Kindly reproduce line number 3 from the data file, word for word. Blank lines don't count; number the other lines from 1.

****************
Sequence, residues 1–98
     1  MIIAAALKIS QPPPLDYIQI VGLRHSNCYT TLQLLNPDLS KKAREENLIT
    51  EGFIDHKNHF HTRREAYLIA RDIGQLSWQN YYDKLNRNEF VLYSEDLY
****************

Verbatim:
    51  EGFIDHKNHF HTRREAYLIA RDIGQLSWQN YYDKLNRNEF VLYSEDLY